Is America Really a Christian Nation?

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For many people today, it's a controversial question. But not for the nation's founders who saw the Bible as the basis for the American Revolution.

The men who fought a revolution and created a country -- the most free country to have ever existed -- once gathered in the Independence Hall in Philadelphia.

Why so much freedom? Some say because the revolutionaries accepted what the Bible said about human beings, that they are created in the image and likeness of God.

"(It was the first time in history) an entire country was actually founded upon the idea that all human beings possess certain innate inalienable natural rights," Robert Hutchinson, author of The Politically Incorrect Guide to the Bible, said. "And that these are not privileges that are bestowed by the state, but are gifts from God that no state, no king or potentate can take away."

So what did the men who gathered in the hall believe?

Scholar Beliefs

Some modern scholars would have you think if the founding fathers did believe in a God, he was removed from the affairs of humanity. But others indicate they believed in the God of the Bible -- an intimate Lord who bestowed upon them blessings, and gave them both responsibilities and rights.

Pastor Peter Lillback authored the book Wall of Misconception in part to correct misunderstandings about the founders and their faith.

"There are those who would like to argue that we were started by secularists, those who had no interest in religion," he said. "At best they were deists: that God was irrelevant. And the deists said 'God has not spoken.' There is no Word of God for a deist because God is not involved in history."

And yet the Bible is the book the revolutionaries turned to over and over again when laying the foundations for this country.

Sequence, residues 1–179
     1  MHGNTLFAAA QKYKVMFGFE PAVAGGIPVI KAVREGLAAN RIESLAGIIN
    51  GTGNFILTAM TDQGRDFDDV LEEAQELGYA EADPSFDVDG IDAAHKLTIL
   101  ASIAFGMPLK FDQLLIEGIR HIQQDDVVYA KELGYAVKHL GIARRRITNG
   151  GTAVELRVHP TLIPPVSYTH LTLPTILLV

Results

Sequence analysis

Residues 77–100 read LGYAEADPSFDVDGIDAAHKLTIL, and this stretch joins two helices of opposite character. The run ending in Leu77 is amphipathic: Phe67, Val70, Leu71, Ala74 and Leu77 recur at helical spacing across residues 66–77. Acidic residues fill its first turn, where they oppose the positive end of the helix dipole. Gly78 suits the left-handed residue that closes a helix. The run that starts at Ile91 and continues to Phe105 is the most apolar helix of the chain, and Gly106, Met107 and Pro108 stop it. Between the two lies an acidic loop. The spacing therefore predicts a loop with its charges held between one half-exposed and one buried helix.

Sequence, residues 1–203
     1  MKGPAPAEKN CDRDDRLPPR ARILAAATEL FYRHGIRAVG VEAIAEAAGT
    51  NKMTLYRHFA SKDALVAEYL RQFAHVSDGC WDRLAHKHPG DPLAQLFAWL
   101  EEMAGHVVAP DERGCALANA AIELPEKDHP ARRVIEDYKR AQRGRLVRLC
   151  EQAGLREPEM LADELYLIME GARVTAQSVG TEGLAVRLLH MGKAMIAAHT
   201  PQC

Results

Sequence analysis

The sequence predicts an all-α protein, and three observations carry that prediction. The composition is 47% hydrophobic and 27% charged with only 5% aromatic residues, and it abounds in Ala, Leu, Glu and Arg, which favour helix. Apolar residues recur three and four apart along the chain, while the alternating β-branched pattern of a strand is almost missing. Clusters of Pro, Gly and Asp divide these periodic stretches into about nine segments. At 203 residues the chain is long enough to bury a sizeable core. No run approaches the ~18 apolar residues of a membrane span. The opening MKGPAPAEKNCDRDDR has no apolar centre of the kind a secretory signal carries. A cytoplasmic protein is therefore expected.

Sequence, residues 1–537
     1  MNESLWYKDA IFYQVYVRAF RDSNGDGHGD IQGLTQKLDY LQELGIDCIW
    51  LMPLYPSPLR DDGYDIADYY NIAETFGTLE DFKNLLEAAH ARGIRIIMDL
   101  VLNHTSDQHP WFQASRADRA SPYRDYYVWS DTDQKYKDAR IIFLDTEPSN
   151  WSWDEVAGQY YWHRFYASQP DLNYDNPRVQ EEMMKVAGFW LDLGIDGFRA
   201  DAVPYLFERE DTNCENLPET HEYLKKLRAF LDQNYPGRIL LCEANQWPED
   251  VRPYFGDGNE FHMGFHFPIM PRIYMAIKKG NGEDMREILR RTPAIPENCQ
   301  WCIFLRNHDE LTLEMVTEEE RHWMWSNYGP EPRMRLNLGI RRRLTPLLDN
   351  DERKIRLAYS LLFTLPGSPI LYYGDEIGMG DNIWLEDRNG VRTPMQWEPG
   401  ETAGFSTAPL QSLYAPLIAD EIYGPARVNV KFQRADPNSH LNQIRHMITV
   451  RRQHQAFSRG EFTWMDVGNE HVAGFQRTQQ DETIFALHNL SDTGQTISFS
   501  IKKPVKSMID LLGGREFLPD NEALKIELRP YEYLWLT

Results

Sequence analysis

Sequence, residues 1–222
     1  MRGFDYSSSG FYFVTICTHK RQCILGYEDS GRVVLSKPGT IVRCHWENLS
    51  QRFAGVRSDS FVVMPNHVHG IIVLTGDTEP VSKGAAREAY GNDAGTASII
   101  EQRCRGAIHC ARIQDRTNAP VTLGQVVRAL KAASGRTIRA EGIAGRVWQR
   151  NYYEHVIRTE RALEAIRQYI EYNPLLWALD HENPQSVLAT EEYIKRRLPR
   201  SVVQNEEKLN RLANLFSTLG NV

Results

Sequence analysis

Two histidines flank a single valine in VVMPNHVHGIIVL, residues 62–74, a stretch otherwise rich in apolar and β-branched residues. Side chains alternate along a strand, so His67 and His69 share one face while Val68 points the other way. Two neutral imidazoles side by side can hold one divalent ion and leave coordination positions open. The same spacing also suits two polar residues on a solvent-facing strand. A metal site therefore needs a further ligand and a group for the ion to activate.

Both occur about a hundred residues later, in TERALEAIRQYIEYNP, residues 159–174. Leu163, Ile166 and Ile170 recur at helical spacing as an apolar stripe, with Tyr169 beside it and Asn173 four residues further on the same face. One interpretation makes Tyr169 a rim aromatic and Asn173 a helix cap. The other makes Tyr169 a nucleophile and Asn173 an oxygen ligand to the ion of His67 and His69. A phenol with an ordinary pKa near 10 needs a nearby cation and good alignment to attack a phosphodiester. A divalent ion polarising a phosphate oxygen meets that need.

"Over one-third of the citations of our founders come directly from the Scriptures, more than any other book," Lillback continued. "They were not biblically ignorant. As one writer said, 'They knew the Bible right down to their fingertips.'"

Another third of the founders' citations came from masters of philosophy and law, who just happened to be Christians who drew deeply from the Bible.

"John Locke, Montesquieu, and Blackstone - all of them were Christian thinkers. And that's two-thirds of our founders' writings by explicitly Christian thinkers and the Bible," Lillback said.

Biblical Responsibility

Interestingly, the founding fathers didn't feel it was simply their right to overthrow their British rulers, but a biblical responsibility.

"There are clear passages in the Bible that when a ruler becomes a tyrant it is the duty of the people to overthrow him because he ceases to be a legitimate leader and is now a criminal," Hutchinson explained.

Two of the most famous founders felt so deeply about this idea, they thought it should become America's motto.   

"Thomas Jefferson and Benjamin Franklin both wanted to have the motto 'Rebellion to Tyrants is Obedience to God.' That's actually a very biblical idea," the author continued. 

Church and State

Some scholars say these founders wanted a high wall of separation between church and state, and infer that this meant they wanted a vast distance between God and government.